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Walking a Familiar Road
The Spectator
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 by Frank Shortt
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When you have traveled a road many times each landmark becomes familiar and becomes imprinted upon your very soul. I sometimes go back to my childhood surroundings and ponder as to what I learned from those experiences.

Things in my past seem to change very slowly. Unless a fire has raged through, the trees remain the same, only larger. The houses along the way have remained about the same. The atmosphere remains just about like it was as I was growing up. When I attend familiar places, such as flea markets, cattle markets, etc. there is the same air of music wafting through the crowd. The same cries can be heard that I heard as a young man. Some folks stay pretty well-to-do, some stay in a close-to-poverty state. You can see that I have driven these roads before!

Old Farmer Davis still grows his hay putting it up just like he did before. The only difference is that he uses tractors instead of horses. The horses are only for an occasional ride by his grandchildren. They roam the pastures just itching to be out on a run.

Aunt Jane Boyd, who sold us honey, is long gone, but her heirs carry on the tradition of keeping bees. The honey is just about the same as it is derived from the trees that grow profusely as there is plenty of moisture on Boyd Ridge. They say that poplar blossoms produce the best honey! They are probably right. I can still see, in my memory, Aunt Jane sitting on the porch of her little log cabin, rocking back and forth, fretting that there are not enough hours in the day for her to accomplish all that she feels she must do in a day. Her old spinning wheel is idle now but kept as a remembrance of that old sainted soul whose hands grew gnarled from twisting the threads she made by hand.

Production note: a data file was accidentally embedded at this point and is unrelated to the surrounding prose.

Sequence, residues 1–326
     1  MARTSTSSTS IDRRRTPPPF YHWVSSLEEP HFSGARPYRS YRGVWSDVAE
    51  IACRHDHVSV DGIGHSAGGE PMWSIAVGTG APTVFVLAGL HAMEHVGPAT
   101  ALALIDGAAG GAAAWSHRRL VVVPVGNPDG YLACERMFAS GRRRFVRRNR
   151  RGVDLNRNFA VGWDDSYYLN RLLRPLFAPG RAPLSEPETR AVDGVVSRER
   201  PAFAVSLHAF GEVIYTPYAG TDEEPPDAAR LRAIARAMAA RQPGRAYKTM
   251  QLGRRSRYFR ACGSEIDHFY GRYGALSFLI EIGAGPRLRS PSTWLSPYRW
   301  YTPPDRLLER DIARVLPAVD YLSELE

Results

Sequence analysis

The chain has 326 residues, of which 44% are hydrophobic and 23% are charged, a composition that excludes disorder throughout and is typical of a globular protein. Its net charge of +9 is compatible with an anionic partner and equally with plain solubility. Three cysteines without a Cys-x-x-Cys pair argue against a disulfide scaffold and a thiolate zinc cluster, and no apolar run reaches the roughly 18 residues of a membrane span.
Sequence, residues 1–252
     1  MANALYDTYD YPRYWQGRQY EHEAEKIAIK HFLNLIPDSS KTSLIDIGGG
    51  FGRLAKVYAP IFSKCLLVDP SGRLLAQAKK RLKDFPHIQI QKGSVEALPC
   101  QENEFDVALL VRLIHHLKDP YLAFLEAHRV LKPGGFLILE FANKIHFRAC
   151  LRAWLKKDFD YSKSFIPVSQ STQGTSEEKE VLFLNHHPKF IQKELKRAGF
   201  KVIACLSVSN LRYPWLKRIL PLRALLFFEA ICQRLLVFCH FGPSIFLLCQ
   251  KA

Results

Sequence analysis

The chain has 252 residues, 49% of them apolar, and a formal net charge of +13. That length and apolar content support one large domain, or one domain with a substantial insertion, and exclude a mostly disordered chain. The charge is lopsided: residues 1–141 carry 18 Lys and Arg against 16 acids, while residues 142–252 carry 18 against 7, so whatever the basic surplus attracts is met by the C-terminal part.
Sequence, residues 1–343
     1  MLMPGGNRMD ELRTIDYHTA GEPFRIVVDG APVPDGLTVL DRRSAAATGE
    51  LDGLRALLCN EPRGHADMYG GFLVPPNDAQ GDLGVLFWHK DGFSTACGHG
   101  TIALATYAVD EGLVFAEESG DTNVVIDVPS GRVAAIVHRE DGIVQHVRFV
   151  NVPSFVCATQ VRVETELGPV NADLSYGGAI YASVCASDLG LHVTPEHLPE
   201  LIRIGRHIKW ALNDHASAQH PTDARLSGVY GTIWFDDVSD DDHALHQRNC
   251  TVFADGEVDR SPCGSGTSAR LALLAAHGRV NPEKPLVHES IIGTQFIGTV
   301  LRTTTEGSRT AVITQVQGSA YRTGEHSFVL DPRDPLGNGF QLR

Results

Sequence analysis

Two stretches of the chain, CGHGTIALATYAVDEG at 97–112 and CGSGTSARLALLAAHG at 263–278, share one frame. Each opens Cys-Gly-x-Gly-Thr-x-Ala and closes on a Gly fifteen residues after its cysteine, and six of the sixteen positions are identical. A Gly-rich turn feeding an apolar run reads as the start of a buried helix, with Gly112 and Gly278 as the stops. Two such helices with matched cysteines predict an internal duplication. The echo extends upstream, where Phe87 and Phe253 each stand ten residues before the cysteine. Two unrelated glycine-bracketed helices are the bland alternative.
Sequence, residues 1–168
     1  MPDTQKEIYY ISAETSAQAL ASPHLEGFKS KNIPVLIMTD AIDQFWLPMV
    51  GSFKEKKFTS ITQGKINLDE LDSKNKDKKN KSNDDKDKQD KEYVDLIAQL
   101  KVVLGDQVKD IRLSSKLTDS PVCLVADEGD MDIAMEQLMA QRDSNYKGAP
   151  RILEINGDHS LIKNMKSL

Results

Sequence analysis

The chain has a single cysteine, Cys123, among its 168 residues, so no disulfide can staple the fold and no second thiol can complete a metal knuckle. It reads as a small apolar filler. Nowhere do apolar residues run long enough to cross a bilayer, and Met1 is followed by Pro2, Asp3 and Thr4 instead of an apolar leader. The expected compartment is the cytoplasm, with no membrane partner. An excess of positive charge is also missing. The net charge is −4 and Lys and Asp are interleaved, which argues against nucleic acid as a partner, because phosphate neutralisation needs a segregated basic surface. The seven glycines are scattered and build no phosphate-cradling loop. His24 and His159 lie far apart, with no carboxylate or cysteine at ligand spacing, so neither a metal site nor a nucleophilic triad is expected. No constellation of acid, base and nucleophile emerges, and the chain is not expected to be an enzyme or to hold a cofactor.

Bill Rose used to walk from Boyd Ridge to the little town of Raven, unless he was able to procure a lift from the sparse traffic that traversed old Route 460 in those days. He had little money but went to the Horton Hardware store every chance he got just to see what was new. Hortonís knew his plight and would extend credit to him if he by chance bought some item. His hillside farming produced little in the way of ready cash.

Dick Kline, a resident of Raven, walked by our house on Grassy Creek on a regular basis. It is said he carried his money in coins that would fit in the fingers of an old leather glove. This became a weapon in case any robbers came upon him and was a nice way to hide his savings from a snooping wife. I am sure he was not the richest man around Raven.

Old Joe Clifton, as he was called by all the locals, walked by our house occasionally with two white jugs, painted that way to make it appear that there was milk in them. Instead, the jugs contained moonshine whiskey, made up on Clifton Fork from home grown corn. He disguised his merchandise to hide it from the local law enforcement and from any thug that might want to rob him of his hard-earned precious liquid. He was not fooling anyone as we all knew what he was up to!

Grandma Shortt, always short of money, because she raised all her brood as a widow could be seen traversing the highway as a regular routine. She would be on her way to Irby Altizerís store to charge up a bill of goods. My dad would often pay Irby off, or sometimes Irby would just simply erase the debt out of charity. He did this for several people that he knew were a little desperate for ready money. She always walked hastily as if she had something more important to do later!

I am sure by now, after reading my little treatise, you can tell that the roads I walked as a youngster are still very familiar to me. Who can tell, my ashes may end up back there someday. What better place to be?